Growing sanitation problem at refugee camp

Residents of Paint City wash their clothes at a tap

Belrail residents have blamed the Paint City refugee camp for a foul-smelling stream of effluent running into their neighbourhood, but the refugees say they don’t have enough toilets and washing facilities. 

Belrail Neighbourhood Watch chairwoman Gerda Gerber says she and residents have seen the refugees discard waste water and urinate in the gutters near the camp, but despite several complaints to the City the problem persists.

“Then the waste just flows down to us. It is really not good for our community because the smell is terrible and it makes it unpleasant to be around.” 

Belrail residents have also complained about taxi drivers turning a local park into a makeshift rank after their usual rank was moved to make way for the camp.

“We are so worried about it being here because not only do they litter in the park, but there is so much activity that anything can go wrong. During lockdown, there were so many incidents of shootings at the Bellville taxi rank. So what if that happens here as well?” Ms Gerber said.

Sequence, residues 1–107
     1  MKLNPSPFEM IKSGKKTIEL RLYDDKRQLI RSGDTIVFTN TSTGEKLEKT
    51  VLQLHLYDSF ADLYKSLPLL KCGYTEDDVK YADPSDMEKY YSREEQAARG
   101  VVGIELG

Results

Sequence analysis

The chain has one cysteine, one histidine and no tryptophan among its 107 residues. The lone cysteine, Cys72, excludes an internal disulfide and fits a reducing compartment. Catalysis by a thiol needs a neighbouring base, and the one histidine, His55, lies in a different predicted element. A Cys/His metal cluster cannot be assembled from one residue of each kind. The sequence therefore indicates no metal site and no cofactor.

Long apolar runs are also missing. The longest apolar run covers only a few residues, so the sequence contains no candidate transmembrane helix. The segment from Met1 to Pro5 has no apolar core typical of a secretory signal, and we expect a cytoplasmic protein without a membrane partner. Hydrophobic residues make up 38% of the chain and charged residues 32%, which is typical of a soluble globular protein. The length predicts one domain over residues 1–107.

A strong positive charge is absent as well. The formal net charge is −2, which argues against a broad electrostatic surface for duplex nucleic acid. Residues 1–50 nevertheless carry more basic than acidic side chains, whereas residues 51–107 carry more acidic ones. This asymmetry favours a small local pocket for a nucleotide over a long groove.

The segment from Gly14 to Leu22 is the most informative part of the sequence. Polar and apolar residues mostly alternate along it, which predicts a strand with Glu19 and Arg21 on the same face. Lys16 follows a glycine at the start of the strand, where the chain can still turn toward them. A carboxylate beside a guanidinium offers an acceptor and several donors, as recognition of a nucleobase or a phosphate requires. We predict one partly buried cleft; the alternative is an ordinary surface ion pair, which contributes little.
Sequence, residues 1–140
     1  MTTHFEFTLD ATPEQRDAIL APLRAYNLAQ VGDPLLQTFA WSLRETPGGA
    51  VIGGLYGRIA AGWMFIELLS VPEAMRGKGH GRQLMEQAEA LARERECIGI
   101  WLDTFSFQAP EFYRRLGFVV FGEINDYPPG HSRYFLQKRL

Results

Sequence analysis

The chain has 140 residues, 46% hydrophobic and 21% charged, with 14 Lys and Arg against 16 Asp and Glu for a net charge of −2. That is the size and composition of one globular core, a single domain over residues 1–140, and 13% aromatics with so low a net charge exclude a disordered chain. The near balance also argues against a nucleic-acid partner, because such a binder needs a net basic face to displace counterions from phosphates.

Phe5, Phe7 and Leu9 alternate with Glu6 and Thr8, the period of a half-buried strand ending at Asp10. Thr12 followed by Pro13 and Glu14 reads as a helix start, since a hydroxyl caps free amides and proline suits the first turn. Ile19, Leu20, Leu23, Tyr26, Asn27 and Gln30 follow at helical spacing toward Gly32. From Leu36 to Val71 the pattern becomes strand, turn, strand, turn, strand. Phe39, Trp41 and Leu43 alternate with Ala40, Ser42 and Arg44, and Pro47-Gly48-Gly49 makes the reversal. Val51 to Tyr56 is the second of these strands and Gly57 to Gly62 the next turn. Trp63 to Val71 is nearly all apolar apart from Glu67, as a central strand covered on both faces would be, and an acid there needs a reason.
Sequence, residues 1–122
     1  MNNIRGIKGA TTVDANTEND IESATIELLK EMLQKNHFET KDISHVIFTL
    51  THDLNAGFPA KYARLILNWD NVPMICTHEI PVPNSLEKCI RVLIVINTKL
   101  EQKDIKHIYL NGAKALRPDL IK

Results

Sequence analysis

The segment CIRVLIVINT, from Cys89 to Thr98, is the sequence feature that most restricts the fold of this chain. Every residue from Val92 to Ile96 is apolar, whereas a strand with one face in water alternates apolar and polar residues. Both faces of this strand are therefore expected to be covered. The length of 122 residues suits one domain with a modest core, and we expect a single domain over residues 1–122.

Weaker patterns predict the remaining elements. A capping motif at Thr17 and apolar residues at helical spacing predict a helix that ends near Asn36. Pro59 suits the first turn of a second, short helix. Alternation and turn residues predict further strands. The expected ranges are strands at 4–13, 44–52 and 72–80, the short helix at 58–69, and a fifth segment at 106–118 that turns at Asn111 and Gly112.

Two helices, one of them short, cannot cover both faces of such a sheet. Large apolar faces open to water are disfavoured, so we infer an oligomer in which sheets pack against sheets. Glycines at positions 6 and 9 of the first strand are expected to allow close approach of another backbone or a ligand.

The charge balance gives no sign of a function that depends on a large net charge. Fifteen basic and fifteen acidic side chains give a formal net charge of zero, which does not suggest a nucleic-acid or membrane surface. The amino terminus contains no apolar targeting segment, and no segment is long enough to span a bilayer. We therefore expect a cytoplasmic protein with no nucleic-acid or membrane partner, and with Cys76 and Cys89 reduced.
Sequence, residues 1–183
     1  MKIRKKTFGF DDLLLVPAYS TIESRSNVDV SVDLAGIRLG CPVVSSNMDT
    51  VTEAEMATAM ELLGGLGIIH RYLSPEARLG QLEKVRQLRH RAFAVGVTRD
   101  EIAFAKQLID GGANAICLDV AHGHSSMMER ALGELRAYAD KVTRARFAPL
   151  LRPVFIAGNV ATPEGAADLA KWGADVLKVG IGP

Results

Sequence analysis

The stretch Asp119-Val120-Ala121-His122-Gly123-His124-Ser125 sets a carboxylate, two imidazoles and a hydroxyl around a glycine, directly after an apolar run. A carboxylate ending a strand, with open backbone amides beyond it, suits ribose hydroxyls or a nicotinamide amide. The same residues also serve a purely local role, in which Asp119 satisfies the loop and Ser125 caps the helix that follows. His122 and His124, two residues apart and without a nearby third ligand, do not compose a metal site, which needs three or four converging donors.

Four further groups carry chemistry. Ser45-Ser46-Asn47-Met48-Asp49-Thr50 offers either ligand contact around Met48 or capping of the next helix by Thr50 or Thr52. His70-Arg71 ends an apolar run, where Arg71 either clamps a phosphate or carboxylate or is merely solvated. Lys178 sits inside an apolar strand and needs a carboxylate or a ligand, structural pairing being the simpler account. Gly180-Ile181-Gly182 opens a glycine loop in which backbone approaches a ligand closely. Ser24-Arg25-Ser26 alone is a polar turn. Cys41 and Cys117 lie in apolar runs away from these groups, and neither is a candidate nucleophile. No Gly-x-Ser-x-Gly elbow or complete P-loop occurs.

One of the refugees at the camp, Sulaaiman Nahigombeye, said there were only 20 toilets, four basins and four showers for the 700 people living there.

“We came up with a system of only using the showers for three minutes at a time to save water, but there are so many people here so there will be some who just go do their business somewhere else. We made it that 12 of the toilets are for women, three of those are for the small girls, and then we got eight for the men, one of which is especially for the little boys.” 

He added that the tent had sprung several leaks during the recent heavy rains. “We live here and make the best of what we have, but it gets really tough for us here, and we need more assistance with things like the toilets and water. We have tanks of water that fill up when it rains, but we still have to use it sparingly, and we must take note when somebody uses water.” 

Several residents of the camp were using a solitary standpipe for their laundry, letting the run-off spill into the gutter and nearby streets.

 “The people cannot use the basins to wash their clothes,” Mr Mahigombeye said, “because people have to use those to wash their hands when they come out of the toilets or when they come out the shower. So they have to use the only tap to do their washing, and when we tell the city what is happening then they say they will send somebody to come look but then either nobody comes or when they do come they just say they will fix it.” 

The City’s executive director for safety and security, Richard Bosman, said the City was looking for an alternative site for the refugees. Questions put to the City’s sanitation department  went unanswered.